Pellisary Anthony Sebastian: His passion for justice was matched by his bellowing laughter
For Pellisary Anthony Sebastian, who fearlessly fought against the powers that be, the fight against his own failing health was what broke him in the end. The might of the Indian State could not crush his indomitable spirit. Nor could the gargantuan and hierarchical maze of the judicial system stop him from fighting the most improbable of cases. Just before his 78th birthday on February 18th this year, he had suffered a stroke and on Thursday, July 23 at 10-am, he breathed his last at an old-age home at Nagao Verna, Salcette, Goa.
While the word “selfless” describes Sebastian perfectly, he was not “other worldly” in his disdain for amassing comforts for himself. He loved to wine and dine, he could light up a somber conversation with his body shaking bellowing laughter and he even enjoyed the occasional gossip sessions with close friends and associates. Fiercely independent, he would refuse anyone’s help despite being paralysed waist down, while he would cover the most formidable of terrain including the winding stairs of the Bombay High Court with admirable ease. Probably what Sebastian hated most was hypocrisy and dishonesty and a “bloody fool” from him was enough to straighten out those who dared to take him for a ride.
There is a common thread in what his friends and co-travellers remember about Sebastian – his passion for justice and truth, his wry humour, his jiggling laughter, his arguments, his knowledge and his steadfastness, and most of all his love for the common people.
Sebastian was a living example of all that he fought for. Despite being born into an affluent family, he denounced the idea of private property by consigning himself to a room at the YMCA at Colaba. This is where he moved after becoming a lawyer, in the mid-1970s. In the three and a half decades that he worked in Bombay (he refused to refer to it as Mumbai), he never thought of building a home for himself or saving up for his old age. In his last days, when it became impossible for Sebastian to continue to live at the YMCA, he was shifted to Goa by his large-hearted nephew Joe Luis, a senior Director of Fomento. Sebastian did find peace and dignity in Goa but he missed his beloved city, Bombay.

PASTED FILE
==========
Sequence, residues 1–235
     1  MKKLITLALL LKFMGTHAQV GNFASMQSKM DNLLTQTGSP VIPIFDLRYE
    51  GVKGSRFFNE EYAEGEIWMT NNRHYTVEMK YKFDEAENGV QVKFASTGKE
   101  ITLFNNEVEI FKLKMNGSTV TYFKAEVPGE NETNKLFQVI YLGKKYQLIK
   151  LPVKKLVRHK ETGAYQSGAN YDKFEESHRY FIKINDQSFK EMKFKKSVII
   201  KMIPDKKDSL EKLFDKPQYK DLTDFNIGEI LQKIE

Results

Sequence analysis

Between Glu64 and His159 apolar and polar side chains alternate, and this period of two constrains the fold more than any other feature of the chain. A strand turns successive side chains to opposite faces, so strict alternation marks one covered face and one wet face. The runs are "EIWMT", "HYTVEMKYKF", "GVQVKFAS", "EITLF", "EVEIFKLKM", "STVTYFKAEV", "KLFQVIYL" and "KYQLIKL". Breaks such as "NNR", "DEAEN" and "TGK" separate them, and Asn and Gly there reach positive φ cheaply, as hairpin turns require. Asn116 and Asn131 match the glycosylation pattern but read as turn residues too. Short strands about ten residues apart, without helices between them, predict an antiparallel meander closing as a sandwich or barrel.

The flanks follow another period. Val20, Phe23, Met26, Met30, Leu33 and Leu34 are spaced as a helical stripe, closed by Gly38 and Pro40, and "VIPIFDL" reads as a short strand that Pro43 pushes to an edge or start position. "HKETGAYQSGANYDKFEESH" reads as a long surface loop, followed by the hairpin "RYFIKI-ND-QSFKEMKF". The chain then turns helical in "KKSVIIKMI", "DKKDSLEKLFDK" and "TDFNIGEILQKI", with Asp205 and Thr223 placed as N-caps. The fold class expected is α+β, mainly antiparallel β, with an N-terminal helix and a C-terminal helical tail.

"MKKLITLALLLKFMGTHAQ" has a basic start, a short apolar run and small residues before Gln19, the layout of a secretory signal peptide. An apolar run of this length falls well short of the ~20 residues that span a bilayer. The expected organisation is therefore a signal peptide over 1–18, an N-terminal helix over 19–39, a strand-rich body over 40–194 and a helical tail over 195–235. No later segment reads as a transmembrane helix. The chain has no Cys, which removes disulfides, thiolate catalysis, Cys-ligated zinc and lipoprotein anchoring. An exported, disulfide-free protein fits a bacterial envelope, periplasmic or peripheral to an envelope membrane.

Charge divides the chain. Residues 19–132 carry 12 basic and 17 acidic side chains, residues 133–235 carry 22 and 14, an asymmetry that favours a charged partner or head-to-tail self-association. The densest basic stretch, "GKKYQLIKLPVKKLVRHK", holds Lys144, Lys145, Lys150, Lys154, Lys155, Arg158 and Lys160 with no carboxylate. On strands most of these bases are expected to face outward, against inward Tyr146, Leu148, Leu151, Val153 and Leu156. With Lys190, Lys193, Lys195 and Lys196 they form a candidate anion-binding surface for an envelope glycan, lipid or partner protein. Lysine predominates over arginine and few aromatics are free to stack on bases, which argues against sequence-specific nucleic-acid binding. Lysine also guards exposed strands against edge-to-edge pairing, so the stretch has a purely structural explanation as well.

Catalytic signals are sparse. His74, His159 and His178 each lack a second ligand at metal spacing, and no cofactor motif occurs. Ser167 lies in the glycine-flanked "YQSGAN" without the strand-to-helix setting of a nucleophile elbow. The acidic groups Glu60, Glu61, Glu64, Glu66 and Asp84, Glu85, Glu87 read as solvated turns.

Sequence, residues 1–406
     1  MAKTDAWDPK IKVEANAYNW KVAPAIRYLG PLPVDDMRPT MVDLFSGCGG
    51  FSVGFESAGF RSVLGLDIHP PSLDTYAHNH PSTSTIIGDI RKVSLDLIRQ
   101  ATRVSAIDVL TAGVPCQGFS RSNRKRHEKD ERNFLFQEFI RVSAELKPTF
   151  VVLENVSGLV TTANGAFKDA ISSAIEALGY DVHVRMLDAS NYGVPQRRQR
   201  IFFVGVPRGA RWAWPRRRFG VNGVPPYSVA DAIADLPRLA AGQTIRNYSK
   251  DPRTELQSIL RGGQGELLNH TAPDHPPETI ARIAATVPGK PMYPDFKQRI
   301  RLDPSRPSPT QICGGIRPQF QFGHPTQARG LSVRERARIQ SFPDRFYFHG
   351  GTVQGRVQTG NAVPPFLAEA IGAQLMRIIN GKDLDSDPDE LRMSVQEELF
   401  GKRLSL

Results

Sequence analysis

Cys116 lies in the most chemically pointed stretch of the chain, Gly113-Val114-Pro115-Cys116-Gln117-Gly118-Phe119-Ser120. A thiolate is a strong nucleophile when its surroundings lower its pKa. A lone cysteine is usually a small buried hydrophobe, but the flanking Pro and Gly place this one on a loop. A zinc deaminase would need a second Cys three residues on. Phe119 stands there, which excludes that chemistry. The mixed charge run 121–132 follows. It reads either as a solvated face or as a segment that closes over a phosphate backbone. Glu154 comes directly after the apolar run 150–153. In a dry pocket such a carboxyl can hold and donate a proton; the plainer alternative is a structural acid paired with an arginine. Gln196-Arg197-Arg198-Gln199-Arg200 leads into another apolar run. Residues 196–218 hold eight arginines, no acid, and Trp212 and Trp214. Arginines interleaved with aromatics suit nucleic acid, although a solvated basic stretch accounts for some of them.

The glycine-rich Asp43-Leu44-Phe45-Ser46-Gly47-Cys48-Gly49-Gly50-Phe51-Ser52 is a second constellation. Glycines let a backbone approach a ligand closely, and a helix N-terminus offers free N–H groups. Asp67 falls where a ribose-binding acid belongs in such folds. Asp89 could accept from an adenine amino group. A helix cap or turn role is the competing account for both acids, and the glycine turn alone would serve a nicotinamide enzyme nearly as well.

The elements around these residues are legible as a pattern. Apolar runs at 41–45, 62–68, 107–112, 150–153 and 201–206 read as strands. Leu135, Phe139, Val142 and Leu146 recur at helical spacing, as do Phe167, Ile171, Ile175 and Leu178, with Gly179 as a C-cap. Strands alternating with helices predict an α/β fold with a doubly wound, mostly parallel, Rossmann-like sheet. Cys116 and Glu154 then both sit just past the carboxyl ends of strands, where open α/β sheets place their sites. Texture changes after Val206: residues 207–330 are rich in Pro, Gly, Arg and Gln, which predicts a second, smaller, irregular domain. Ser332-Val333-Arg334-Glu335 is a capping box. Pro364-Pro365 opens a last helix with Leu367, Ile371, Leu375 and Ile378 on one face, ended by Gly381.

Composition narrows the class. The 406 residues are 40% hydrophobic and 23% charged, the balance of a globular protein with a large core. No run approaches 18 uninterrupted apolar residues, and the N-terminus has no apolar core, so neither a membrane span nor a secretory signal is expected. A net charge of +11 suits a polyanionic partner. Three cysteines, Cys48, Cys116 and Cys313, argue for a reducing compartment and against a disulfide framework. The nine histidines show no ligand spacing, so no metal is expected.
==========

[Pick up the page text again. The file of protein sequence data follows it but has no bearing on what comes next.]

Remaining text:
When I told him to allow me to ghostwrite his autobiography, he waved the suggestion away. “I do not want to leave anything behind,” he said. But the colossal legacy PA Sebastian has left behind is indeed well worth documenting.
From Kerala to Bombay
Born to the wealthy landed Pellisary family at Ammadom, Trissur, Kerala, Sebastian (Sabby to his friends) was afflicted by polio at a young age because of which he was home-schooled. From a young age, he proved to be a fiery rebel. Initially, rebelling against the constraints of his physical disability, as well as the confines of a Roman Catholic upbringing, Sebastian decided to leave Kerala and the comforts of a “settled life” to come to Bombay in the 1970s. He enrolled himself in Sydenham College and later Government Law College. He joined the Government Hostel at Churchgate, from where began his life as a permanent hostelite in the city.
During his college days, Sebastian came to the fore as a radical thinker and fiery orator. Came the declaration of Emergency in June 1975, and Sebastian was involved in covert and overt protests in the city. With the lifting of Emergency two years later, the country was aflame with mobilisations in defence of civil liberties and democratic rights. Sebastian initially associated himself with the People’s Union for Civil Liberties founded by Justice VM Tarkunde.
Later, he worked for building up the democratic rights movement in the country. A network of organisations came up in the country: the People’s Union for Democratic Rights in Delhi, the Association of People’s Democratic Rights in Calcutta, the Andhra Pradesh Civil Liberties Committee in Hyderabad and the Committee for Protection of Democratic Rights in Mumbai, for which Sebastian worked tirelessly. For a long time, Sebastian was the last man standing from the gallery of his contemporaries such as Gobind Mukhoty, Sudesh Vaid, Anuradha Ghandy, K. Balagopal and Kannabiran who passed away much before him. It is worth mentioning here that the black and white picture above shows PA Sebastian and K Balagopal at Indian People’s Human Rights Commission in Chintapalli in 1988.